Why Crime Writers Love Lamb
Mention “lamb” to any crime writer of a certain age and you will likely hear about one of the most memorable culinary mystery plotlines in popular culture: “Lamb to the Slaughter,” an episode of the old Alfred Hitchcock Presents television series, based on a short story by Roald Dahl.
The murderess of this nascent foodie mystery is Mary Maloney, a (seemingly) docile housewife completely in love with her police officer husband. As the story opens, he comes home from work with a grim disposition and very bad news: He’s leaving her.
Mary is devastated. In a zombie-like homemaker haze, she continues about her business, going to the deep freezer to fetch a frozen leg of lamb for dinner. Mary then carries the club-shaped leg to the kitchen, walks up behind her husband, and introduces the back of his head to nine pounds of uncooked meat. By the time the detectives show, Mary has hidden the murder weapon (in her pre-heated oven). What happens next? View the episode (below) and you’ll see. The ending is clever, twisted, hilarious, and all-too human.
The ending also left me hungry for a really good lamb chop. The only question: cook it myself like Mary or eat out? As it happens, a few years ago, while researching elements in one of my own culinary mysteries, French Pressed—in which a womanizing chef de cuisine gets it in the neck—I attended a panel discussion at New York’s 92nd Street Y that included such esteemed members as Chef Jacques Pépin and food writer Gael Greene.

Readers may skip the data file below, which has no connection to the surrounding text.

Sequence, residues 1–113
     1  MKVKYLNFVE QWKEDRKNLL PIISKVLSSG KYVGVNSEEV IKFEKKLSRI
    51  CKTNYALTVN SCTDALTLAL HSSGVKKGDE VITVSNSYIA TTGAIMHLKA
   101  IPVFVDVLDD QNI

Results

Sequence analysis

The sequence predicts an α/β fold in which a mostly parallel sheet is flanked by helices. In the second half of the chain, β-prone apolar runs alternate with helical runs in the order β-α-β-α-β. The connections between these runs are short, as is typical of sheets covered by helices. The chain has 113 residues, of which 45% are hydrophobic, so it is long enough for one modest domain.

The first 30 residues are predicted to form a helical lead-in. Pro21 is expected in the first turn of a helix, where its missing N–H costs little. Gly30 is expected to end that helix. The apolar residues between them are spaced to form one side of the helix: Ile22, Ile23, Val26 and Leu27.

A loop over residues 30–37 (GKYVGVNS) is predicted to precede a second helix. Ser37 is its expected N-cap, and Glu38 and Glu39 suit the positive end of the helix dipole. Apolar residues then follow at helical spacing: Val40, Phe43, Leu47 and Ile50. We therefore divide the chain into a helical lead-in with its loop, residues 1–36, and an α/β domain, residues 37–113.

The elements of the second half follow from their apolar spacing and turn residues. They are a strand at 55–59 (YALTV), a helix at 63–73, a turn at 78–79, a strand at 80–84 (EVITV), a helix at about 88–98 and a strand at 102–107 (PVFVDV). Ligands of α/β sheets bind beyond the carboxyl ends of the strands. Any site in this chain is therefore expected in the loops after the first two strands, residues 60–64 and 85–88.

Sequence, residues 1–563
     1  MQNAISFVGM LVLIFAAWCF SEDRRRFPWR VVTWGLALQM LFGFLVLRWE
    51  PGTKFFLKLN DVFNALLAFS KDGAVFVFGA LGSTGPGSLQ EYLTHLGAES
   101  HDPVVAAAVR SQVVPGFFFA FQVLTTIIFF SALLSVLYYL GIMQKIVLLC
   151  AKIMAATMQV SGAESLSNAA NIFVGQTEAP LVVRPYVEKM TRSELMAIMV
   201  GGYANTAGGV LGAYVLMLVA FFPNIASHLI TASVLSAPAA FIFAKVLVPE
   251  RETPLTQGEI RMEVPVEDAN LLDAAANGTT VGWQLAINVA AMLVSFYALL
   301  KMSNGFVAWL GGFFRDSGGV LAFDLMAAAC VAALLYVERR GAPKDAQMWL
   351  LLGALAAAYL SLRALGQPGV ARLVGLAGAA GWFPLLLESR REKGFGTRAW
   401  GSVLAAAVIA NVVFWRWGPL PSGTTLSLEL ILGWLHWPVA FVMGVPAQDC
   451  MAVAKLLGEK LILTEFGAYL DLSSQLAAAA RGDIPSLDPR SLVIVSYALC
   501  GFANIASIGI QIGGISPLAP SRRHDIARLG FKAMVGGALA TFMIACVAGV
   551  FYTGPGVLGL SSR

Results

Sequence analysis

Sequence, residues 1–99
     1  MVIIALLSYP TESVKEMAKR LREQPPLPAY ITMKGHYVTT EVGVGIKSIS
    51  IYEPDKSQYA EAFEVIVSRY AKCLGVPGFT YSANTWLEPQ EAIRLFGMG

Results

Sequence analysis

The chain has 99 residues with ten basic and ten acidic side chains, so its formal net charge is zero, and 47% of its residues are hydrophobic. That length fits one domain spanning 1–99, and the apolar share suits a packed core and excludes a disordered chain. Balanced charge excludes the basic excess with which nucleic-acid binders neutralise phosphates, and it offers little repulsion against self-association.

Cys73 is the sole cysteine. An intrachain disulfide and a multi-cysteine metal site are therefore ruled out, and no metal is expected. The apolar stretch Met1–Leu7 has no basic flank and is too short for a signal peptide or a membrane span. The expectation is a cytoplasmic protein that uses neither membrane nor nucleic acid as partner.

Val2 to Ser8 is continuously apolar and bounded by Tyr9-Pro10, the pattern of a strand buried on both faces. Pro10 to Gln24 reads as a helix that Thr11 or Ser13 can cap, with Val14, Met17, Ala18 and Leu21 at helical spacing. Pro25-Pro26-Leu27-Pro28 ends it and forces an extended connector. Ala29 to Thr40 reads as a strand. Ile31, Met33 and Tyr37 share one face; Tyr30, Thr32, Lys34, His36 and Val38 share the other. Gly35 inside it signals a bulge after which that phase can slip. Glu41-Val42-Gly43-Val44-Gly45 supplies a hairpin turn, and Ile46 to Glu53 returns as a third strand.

One of the evening’s topics was “the forty dollar lamb chop,” a half-joking example of the high cost of operating a restaurant in Manhattan. How high? According to members of the panel, getting a 200-seat restaurant off the ground in midtown takes roughly $6 million. Such expenses are, of course, passed on to the customer, hence the $40 chop.
My husband and I write for a living, which is to say: There’s no way in hell we can afford said chop on a regular basis, unless we (like the merry murderess Mary Maloney), cook it ourselves. Consequently, I am delighted to share with you my recipe for an amazing $3.00 lamb chop, just as good as a Manhattan chop but with a savings of $37.00. Unfortunately, you have to mix your own martini.
To download a free, illustrated PDF of my recipe, click here. Like I said, crime writers love lamb (especially culinary crime writers). If not to eat, then to use for—well, view the episode below, and you’ll get the idea…
This Hitchcock television series, which aired in the late 1950’s, pre-dates me, but, I’m a longtime fan of Hitch—how can you not love a guy who sees the lighter side of murder? “Lamb to the Slaughter” was based on a short story by the acclaimed author of children’s books Roald Dahl. To read Dahl’s complete short story, rejected by The New Yorker before being published by Harper’s Magazine, click here.
Cleo Coyle, who never murdered anyone (with a leg of lamb), is the pen name for an author who collaborates with her husband to write the Coffeehouse Mysteries and the Haunted Bookshop Mysteries, both national bestselling series for Penguin USA. To download more of Cleo’s free recipes, learn about her books, or sign up for her weekly free coffee drawings, visit her at www.CoffeehouseMystery.com